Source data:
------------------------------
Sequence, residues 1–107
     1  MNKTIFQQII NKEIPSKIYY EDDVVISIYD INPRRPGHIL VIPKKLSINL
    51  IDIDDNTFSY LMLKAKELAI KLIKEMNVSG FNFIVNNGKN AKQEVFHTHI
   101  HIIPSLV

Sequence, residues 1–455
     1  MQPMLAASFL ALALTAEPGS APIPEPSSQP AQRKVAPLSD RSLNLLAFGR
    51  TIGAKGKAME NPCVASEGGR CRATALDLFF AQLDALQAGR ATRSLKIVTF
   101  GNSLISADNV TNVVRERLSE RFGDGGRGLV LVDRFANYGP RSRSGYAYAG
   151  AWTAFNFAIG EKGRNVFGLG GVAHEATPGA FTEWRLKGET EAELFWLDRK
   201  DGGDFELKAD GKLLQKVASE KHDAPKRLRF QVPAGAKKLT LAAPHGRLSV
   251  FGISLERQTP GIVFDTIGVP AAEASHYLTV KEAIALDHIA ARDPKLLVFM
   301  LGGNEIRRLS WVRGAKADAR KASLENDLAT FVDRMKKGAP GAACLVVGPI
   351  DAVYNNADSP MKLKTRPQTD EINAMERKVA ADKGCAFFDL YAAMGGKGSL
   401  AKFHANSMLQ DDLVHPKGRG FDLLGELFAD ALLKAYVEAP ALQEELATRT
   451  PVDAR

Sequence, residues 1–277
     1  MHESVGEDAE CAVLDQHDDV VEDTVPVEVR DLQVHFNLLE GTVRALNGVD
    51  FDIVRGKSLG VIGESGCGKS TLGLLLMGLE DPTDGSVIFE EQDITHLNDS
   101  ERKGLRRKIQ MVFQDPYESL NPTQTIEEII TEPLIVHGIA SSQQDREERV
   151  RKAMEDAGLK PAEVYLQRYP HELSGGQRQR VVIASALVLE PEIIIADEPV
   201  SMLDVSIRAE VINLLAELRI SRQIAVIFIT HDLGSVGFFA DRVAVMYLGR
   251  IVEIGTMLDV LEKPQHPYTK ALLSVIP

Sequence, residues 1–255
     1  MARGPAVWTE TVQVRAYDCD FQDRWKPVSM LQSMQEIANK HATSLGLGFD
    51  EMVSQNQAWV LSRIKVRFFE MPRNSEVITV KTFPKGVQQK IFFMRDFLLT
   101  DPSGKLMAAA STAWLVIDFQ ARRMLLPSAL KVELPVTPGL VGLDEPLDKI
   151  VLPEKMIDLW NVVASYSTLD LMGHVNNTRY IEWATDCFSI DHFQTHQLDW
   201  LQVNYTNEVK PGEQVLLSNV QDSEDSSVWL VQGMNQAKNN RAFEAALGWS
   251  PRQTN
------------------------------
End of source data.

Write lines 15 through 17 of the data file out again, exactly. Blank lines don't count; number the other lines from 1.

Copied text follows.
   451  PVDAR

Sequence, residues 1–277
     1  MHESVGEDAE CAVLDQHDDV VEDTVPVEVR DLQVHFNLLE GTVRALNGVD